Charles H. Kahn, “Greek Religion and Philosophy in the Sisyphus Fragment” (Phronesis. Vol. 42, No. 3, 1997).

John Navone, “Satan Returns,” (The Furrow, Vol. 26, No. 9, 1975).

Elaine Pagels, “The Social History of Satan, the “Intimate Enemy”: A Preliminary Sketch,” (The Harvard Theological Review, Vol.84, No. 2 Apr., 1991).

Elaine Pagels, The Origin of Satan (New York: Vintage Books, 1996).

J.P. Reid and B. Mondin, eds., “Atheism” in The New Catholic Encyclopedia (Washington D.C.: The Catholic University of America, 2003).

T.J. Wray and Gregory Mobley, The Birth of Satan: Tracing the Devil’s Biblical Roots (New York: Palgrave Macmillan, 2005)

The Bible: The New International Version.

Assholes: A Theory of New Atheism

Is New Atheism New?

This week we begin a new semester of tutoring, and for the third time I have the privilege to tutor on a course at New College called ‘Atheism in Debate: Dawkins and his Allies.’  While the last two versions of this course have found progressive successes, not only in bringing in students, but also in how the content is presented, there have been, as might be expected, a few complaints.[1]  However, overall it would seem a marginal success.

Of all the discussion points that resurface each year, one has perhaps been brought up more often than any others: the question of comparison.  How, we are often asked, are the New Atheists similar to the ‘old’ ones?  Or, said otherwise, how is New Atheism in any way ‘new?’ These are indeed precarious questions.  After all, when we look at the larger discourse that feeds into the definition of Atheism, we might argue that, in fact, New Atheism is not all that new.  Rather, and as our course tends to conclude, New Atheism is merely the repetition of many of the facets of ‘old’ Atheism.

For instance, one might consider the philosophical positions of those who contribute to the discourse that forms this ‘old’ Atheism, such as Voltaire, Hume, Strauss, Marx, Feuerbach, Hegel, or Nietzsche, in comparison to the critiques made by the New Atheists.  Many of these same thoughts are, presumably, ‘recycled.’

However, I might offer a discursive defence of New Atheism here.  Yes, we might see similarities between these two Atheisms, or even almost identical critiques in Harris’ The End of Faith or Dawkins’ The God Delusion.  Yet, I would argue this sort of criticism overlooks the much larger distinction of contextualization, so that, even though the criticisms made by these ‘New Atheists’ seem like recycled arguments from the ‘old Atheists,’ they are still being made in completely different contextual milieux.  The time in which Strauss was writing his Life of Jesus, or Voltaire his Candide is not the same as the context that birthed Dennett’s Breaking the Spell or Hitchens’ God is not Great.  That is, while I would agree that through comparison we might not find anything inherently ‘new’ about New Atheism, I would also concede that it arose out of an entirely different time and place, and thus offers us, if nothing else, an insight into that context so that we might locate why and how these particular critiques took shape.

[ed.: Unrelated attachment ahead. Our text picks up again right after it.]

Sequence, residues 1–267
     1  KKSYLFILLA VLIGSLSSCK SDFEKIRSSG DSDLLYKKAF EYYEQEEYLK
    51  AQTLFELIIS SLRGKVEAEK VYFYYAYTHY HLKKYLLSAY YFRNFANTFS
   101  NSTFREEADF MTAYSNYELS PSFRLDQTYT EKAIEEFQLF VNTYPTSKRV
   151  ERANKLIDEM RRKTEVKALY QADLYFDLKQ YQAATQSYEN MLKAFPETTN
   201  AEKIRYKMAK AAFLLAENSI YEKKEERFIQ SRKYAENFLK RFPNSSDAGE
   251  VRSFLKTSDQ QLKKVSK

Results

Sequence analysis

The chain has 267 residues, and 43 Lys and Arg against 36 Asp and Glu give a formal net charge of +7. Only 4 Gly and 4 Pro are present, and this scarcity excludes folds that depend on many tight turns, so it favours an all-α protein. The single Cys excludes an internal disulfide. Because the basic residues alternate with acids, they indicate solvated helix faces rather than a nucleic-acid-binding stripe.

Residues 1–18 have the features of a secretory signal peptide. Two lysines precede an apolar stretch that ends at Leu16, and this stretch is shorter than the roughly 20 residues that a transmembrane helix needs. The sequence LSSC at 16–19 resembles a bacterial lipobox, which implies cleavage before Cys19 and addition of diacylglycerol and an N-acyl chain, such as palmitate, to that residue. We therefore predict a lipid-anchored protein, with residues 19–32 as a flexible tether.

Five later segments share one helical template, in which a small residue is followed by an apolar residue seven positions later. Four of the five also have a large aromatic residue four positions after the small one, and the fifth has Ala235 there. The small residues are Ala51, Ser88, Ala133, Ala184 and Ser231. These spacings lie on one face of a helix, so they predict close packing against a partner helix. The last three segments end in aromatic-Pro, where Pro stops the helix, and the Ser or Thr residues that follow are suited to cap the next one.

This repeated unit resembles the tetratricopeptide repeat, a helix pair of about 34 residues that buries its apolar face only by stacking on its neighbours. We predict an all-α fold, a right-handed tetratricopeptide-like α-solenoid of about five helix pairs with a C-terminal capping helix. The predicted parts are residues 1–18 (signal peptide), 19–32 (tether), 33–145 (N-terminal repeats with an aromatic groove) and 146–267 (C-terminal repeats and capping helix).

In this way, the New Atheism is a discursive product.  The language used is that of particular individuals in a particular time, and in particular places.  For me, then, trying to compare or contrast the ‘old’ and the ‘new’ fundamentally overlooks the fact that comparisons are not necessary, and, what’s worse, can become abstractions, distracting us from finding value in each of these ‘types’ of Atheism as discursive or cultural data. Yet, New Atheism as a title still persists.  Is that a wholly negative issue?  Yes and no.  On one end, giving even a nominal distinction to this discursive sample engenders a dichotomous perspective, demanding a comparison, and leading us back to those same abstractions where we might find ourselves lost amongst an apologetical argument that one is more ‘genuine’ or ‘original’ than the other.  On the other end, we have the issue of too slack a distinction.

In this way, we might find ourselves, such as occurs in the larger discussion of the definitions of Atheism or ‘religion,’ with having to contend with the differentiation between ‘nominal’ and ‘virtual’ terminology: the former denoting a word that can be used in any number of iterations, and the latter denoting a use of that word in a more unique or specific way (see Jenkins 2008).  This also brings us into discussions about the differences between real or essential definitions (terms that act to summarise the ‘essence’ of a thing) and lexical or historical ones (terms that have particular meaning to particular individuals at particular times [see Baird 1991]). While these are worthwhile discussions, and are quite pertinent to the issue at hand, this is neither the time nor place to truly devote our attention to such issues.  Rather, I will from here on adopt a perspective that might be deemed more on the side of the virtual or lexical, and try to make some sense out of the persistent question concerning the ‘newness’ of New Atheism within the context of it as a discursive source.

Assholes: A Theory